- mac
                - linux
        SomeNumber:
            _type: number
            _strict: true
        SomeBool:
            _type: boolean
        SomePrototypeArray:
            _type: prototype
            _prototype:
                _type: array
                _children:
                    SomeOtherText:
                        _type: text
                        _is_required: true # can't be null
        SomeParagraph:
            _type: partial
            _partial: aBlock # cf 'partials' below
        SomeChoice:
            _type: choice
            _choices:
                1:
                    _type: enum
                    _values:
                        - windows
                        - linux
                2:
                    _type: number
                # so our node must be either #1 or #2
        SomeRegex:
            _type: pattern
            _pattern: /e/
partials:
    aBlock:
        _type: array
        _children:
            Line1:
                _type: text

More information

For more examples, look inside test/data folder. In each folder, you have an .yml file and its schema. There's also a XML example.

If you're curious about an advanced usage, you can check data/MetaSchema.json: schema files are validated using this schema (an yep, the schema validates successfully itself!)

Documentation generator

Each node can have a _description attribute, containing some human-readable text. You can retrieve the documentation about a node (its type, description, other attributes...) like this:

// it's recommended to validate the schema before reading documentation
$schema = new MetaYaml($schema, true);

// get documentation about root node
$schema->getDocumentationForNode();

// get documentation about a child node 'test' in an array 'a_test' under root
$schema->getDocumentationForNode(array('a_test', 'test'));

// finally, if you want to unfold (follow) all partials, set second argument to true
$schema->getDocumentationForNode(array('a_test', 'test'), true);
// watch out there's no loop inside partials!

It returns an associative array formatted like this:

array(
    'name' => 'test', // name of current node, root for first node
    'node' => array(
        '_type' => 'array',
        '_children' => ... // and so on
    ),
    'prefix' => '_'
)

If the targeted node is inside a choice, the result will differ slightly:

array(
    'name' => 'test', // name of current node, from the choice key in the schema
    'node' => array(
        '_is_choice' => 'true', // important: so we know next keys are choices
        0 => array(
            '_type' => 'array' // and so on, for first choice
        ),
        1 => array(
            '_type' => 'text' // and so on, for second choice
        ),
        // ...
    ),
    'prefix' => '_'
)

This behavior allow us to handle imbricated choices, without loosing data (you have an array level for each choice level, and you can check the flag _is_choice)

If you pass an invalid path (e.g. no node with the name you gave exist), it will throw an exception.

Notes on XML support

In XML, you can store a value in a node within a child element, or using an attribute. This is not possible in an array; the only way is to use a child.

Thus, the following conventions are enforced by the XML loader:

  • elements AND attributes are stored as child, using element name and content, or attribute name and value, as respectively key and value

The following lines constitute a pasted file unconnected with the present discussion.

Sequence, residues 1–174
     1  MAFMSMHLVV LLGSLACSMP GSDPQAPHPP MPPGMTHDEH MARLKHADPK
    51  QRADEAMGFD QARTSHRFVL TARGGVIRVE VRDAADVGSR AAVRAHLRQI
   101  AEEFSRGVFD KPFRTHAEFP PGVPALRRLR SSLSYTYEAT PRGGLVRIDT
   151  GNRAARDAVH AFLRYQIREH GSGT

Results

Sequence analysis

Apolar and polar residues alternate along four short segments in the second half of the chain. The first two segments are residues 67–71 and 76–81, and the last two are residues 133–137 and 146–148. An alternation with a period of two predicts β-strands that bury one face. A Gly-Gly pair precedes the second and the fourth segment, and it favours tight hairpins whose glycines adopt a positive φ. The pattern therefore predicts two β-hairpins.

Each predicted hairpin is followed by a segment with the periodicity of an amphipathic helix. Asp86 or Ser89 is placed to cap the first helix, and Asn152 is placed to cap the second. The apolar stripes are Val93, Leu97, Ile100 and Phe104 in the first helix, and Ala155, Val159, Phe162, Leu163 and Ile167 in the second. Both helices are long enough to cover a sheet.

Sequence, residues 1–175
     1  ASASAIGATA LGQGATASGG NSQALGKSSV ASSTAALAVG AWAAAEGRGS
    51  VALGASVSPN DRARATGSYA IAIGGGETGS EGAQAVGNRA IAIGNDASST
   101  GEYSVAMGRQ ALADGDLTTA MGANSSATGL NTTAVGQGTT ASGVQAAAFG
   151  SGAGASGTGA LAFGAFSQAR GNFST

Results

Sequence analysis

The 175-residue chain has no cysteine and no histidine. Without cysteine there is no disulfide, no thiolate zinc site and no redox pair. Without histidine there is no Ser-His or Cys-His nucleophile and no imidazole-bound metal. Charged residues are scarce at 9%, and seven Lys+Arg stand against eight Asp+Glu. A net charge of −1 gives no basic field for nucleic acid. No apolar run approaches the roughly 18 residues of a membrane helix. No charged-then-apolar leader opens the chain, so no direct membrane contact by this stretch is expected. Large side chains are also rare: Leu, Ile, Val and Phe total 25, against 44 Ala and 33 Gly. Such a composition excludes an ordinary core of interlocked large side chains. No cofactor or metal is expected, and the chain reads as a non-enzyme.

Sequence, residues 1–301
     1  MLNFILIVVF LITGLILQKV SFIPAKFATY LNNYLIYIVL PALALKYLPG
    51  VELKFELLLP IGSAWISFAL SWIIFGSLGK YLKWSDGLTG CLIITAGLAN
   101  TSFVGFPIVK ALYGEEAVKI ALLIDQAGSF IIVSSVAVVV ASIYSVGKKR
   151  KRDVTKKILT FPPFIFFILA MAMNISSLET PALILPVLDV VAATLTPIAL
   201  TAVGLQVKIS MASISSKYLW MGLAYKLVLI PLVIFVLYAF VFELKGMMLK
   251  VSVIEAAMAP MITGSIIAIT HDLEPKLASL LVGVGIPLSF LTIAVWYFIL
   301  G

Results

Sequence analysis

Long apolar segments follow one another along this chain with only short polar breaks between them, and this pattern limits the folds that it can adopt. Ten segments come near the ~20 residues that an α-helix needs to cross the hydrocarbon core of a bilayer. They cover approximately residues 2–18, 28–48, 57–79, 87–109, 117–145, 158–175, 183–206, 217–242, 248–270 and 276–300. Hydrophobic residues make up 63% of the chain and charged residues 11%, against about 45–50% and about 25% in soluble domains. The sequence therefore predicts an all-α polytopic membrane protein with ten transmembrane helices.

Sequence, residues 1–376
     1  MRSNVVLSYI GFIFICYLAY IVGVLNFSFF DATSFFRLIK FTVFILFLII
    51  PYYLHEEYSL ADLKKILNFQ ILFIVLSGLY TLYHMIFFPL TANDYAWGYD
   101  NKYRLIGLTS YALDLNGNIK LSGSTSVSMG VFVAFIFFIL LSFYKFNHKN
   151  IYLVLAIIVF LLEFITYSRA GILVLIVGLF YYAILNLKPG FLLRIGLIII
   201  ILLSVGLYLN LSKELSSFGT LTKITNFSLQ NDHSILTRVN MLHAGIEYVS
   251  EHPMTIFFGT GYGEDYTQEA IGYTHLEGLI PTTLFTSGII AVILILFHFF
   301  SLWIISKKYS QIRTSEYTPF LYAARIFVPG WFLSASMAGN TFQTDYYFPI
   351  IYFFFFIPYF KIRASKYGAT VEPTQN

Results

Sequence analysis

• if a node has an attribute and a child node with the same name, the attribute will be overwritten
  • if a node has both attribute(s) and a text content, text content will be stored under key _value
  • multiple child node with the same name will be overwritten, only the last will be retained; except if they have a _key attribute, which will be used thus
  • namespaces are not supported
  • empty nodes are skipped

Let's take an example:

<fleurs>
    <roses couleur="rose">
        <opera>une rose</opera>
        <sauvage>
            <des_bois>une autre rose</des_bois>
            <des_sous_bois sauvage="oui">encore</des_sous_bois>
        </sauvage>
    </roses>
    <tulipe>je vais disparaitre !</tulipe>
    <tulipe>deuxieme tulipe</tulipe>
    <fleur couleur="violette" sauvage="false" _key="violette">une violette</fleur>
</fleurs>

will give us this array:

array('fleurs' =>
    'roses' => array(
        'couleur' => 'rose',
        'sauvage' => array(
            'des_bois' => 'une autre rose',
            'des_sous_bois' => array(
                'sauvage' => 'oui',
                '_value' => 'encore'
            )
        )
    ),
    'tulipe' => 'deuxieme tulipe',
    'violette' => array(
        'couleur' => 'violette',
        'sauvage' => 'false',
        '_value' => 'une violette'
    )
)

XSD generator

Please note this feature is still experimental!

MetaYaml can try to generate a XML Schema Definition from a MetaYaml schema. You may want to use this file to pre-validate XML input, or to use in another context (client-side...). The same conventions (cf. above) will be used.

Usage example :

use RomaricDrigon\MetaYaml\MetaYaml\XsdGenerator;

// create a XsdGenerator object (requires Php XMLWriter from libxml, enabled by default)
$generator = new XsdGenerator();

// $schema is the source schema, php array
// second parameter to soft-indent generated XML (default true)
$my_xsd_string = $generator->build($schema, true);

A few limitations, some relative to XML Schema, apply:

  • root node must be an array
  • an element can't have a name beginning by a number
  • all first-level nodes will be mandatory (but they may be empty)
  • choice node are not supported
  • pattern may have a slightly different behavior due to implementations differences
  • prototype children nodes type will not be validated
  • strict mode does not exists
  • ignore_extra_keys attribute will cause all children nodes not to be validated

Test

The project is fully tested using atoum. To launch tests, just run in a shell ./bin/test -d test

Extending

You may want to write your own loader, using anything else.
Take a look at any class in Loader/ folder, it's pretty easy: you have to implement the LoaderInterface, and may want to extend Loader class (so you don't have to write loadFromFile()).

Thanks

Thanks to Riad Benguella and Julien Bianchi for their help & advice.